Wednesday, December 29, 2010

The word of the day... puerile.

This one is more common than the word I mentioned yesterday, but still not one used in common daily conversation. (At least not in the common daily conversations I have.)
Puerile came up in my s....l....o.....w reading of  Frank Freidel's one-volume biography of Franklin Roosevelt, A Rendezvous with Destiny.

Freidel describes the controversy which attended Roosevelt's attempts to raise farm prices through the doubtful ploy of buying gold above the prevailing price on the market, hoping that doing so would decrease the value of the dollar and so, make it easier for for other countries to purchase American goods, including crops.

Many "financiers, economists, and politicians" expressed disapproval of the scheme. Former FDR ally--by then, bitter enemy--Al Smith labeled the "commodity dollar," as it was being touted, the "baloney dollar." Roosevelt fired the under secretary of the Treasury, Dean Acheson, later to be Harry Truman's Secretary of State, because of Acheson's disagreement with FDR on the plan.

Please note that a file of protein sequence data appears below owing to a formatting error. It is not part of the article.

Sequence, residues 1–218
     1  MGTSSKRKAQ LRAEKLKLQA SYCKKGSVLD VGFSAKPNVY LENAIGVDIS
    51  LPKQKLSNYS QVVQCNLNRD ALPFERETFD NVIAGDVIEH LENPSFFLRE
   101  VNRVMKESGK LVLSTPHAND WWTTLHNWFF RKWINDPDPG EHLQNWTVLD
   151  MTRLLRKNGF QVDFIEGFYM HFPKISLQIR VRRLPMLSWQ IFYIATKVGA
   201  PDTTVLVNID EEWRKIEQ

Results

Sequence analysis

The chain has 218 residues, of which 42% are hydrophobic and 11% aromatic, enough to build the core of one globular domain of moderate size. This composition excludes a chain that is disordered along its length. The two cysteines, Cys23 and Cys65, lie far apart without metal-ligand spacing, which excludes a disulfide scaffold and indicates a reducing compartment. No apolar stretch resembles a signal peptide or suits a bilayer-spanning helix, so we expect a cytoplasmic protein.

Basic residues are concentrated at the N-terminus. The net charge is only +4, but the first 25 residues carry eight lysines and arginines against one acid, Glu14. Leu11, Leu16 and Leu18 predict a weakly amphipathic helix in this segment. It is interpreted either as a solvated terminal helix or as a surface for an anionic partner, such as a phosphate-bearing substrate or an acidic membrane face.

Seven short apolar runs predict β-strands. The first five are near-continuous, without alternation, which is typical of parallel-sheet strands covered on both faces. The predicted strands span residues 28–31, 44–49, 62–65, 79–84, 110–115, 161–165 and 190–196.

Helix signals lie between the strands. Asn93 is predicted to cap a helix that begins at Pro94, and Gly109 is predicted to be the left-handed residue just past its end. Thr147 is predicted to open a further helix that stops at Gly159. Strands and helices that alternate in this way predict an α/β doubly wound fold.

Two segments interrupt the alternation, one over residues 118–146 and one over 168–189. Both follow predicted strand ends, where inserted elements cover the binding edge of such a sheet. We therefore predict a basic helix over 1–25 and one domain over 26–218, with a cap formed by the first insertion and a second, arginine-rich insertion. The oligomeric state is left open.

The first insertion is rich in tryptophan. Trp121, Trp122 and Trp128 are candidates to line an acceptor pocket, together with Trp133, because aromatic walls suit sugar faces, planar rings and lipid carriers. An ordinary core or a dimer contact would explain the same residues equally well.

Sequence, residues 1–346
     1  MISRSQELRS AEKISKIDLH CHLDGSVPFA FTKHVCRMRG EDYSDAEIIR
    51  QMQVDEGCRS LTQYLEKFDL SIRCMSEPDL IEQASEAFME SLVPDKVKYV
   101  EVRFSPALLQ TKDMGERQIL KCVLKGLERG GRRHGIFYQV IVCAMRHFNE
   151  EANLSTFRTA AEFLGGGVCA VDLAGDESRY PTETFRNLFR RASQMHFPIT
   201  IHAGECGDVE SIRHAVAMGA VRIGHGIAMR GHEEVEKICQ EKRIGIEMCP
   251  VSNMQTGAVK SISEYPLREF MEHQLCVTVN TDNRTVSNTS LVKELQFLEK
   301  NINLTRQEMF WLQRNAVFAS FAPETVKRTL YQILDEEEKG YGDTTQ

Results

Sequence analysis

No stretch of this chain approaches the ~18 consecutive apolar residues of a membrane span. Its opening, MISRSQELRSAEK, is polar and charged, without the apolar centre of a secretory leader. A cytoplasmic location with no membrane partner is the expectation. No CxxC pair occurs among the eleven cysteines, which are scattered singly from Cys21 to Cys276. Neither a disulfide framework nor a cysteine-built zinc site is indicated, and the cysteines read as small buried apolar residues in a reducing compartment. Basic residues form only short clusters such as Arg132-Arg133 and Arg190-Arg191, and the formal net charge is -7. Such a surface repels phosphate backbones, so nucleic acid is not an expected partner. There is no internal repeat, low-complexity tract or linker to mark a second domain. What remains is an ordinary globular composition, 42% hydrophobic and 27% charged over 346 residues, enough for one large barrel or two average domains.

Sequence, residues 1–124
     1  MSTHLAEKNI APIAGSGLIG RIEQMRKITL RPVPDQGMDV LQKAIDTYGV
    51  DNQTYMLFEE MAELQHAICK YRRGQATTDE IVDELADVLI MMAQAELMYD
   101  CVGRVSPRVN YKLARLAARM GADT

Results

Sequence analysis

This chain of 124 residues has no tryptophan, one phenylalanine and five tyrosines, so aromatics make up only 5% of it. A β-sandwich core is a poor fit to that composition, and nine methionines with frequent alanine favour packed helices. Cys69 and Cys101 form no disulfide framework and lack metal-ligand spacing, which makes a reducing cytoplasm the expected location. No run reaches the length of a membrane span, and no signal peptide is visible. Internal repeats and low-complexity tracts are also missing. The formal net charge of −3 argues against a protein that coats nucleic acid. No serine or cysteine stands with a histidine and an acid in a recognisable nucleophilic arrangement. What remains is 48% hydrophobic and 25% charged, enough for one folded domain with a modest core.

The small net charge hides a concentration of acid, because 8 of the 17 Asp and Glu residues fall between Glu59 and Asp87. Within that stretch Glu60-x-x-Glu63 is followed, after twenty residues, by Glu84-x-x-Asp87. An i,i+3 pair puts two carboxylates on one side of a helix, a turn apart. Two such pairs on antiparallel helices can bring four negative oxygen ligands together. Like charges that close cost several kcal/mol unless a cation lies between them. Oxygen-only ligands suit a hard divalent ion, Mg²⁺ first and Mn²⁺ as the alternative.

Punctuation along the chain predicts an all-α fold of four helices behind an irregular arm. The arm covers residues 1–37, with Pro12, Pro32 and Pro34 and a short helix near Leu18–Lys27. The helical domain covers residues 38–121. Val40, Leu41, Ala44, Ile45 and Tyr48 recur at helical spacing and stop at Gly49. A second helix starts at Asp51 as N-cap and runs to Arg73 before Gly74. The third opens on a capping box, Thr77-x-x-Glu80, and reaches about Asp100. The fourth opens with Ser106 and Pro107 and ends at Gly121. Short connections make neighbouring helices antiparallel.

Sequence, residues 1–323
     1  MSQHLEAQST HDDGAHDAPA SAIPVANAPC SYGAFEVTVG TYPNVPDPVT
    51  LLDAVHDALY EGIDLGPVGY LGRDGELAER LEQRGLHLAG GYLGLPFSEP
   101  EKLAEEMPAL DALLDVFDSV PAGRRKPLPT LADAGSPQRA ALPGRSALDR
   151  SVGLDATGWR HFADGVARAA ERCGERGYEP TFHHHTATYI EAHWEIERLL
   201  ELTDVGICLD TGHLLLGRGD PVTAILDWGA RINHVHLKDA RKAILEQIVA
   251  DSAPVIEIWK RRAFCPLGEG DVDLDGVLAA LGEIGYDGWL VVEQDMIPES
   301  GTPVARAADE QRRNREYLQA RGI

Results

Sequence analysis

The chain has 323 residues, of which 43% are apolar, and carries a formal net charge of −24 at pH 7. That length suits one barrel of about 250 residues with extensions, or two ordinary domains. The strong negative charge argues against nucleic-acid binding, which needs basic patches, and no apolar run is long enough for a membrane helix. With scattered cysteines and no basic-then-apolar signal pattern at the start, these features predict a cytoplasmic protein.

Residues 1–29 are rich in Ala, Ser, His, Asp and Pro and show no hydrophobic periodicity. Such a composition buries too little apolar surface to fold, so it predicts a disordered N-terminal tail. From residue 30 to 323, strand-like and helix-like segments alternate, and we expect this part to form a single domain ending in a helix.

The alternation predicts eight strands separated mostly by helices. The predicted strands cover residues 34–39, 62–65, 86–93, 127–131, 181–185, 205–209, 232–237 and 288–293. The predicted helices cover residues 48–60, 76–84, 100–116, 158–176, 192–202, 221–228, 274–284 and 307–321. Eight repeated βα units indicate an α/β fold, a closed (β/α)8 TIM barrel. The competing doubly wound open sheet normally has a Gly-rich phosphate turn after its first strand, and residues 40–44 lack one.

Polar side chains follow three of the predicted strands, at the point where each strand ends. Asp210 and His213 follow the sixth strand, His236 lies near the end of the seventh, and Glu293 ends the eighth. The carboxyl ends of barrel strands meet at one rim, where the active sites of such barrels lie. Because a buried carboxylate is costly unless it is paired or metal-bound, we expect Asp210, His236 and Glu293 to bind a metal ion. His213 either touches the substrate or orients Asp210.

Also, John Maynard Keynes, godfather of deficit spending as a means of stimulating economic activity in depressed conditions, whose name is often associated with Roosevelt's approach to the Great Depression, weighed in opposing the Roosevelt gold purchases. Keynes, Freidel says, "in an open letter to Roosevelt that appeared in the New York Times at the end of the year, scoffed at the scheme as puerile...[and] irreverently remarked that the fluctuations seemed more like 'a gold standard on booze than the ideal managed currency of my dreams.'"

Puerile, boozey, or not, FDR continued the gold buying into January of 1934. "The results were disappointing, bearing out neither Roosevelt's expectations nor those of his critics," Freidel says. And isn't is that always the way things go? Nobody has a lock on wisdom.  Rarely is anybody utterly vindicated for having vision; everyone gets left with a little bragging rights.

Most agricultural commodities slipped as a result of Roosevelt's gold buyouts. The lone exception was wheat.

As Freidel tells it, Roosevelt's action was a short-term economic non-starter. But it may have bought Roosevelt and the country some time, preventing a second economic collapse.

So, was Roosevelt's gold-buying puerile or was it mature economic thinking? That's a matter of debate. But the answer seems to be somewhere between Roosevelt's sunny assertions of its efficacy and his opponents' belief that it was destructive at worst and irrelevant at best.

But the meaning of puerile is none of the above.

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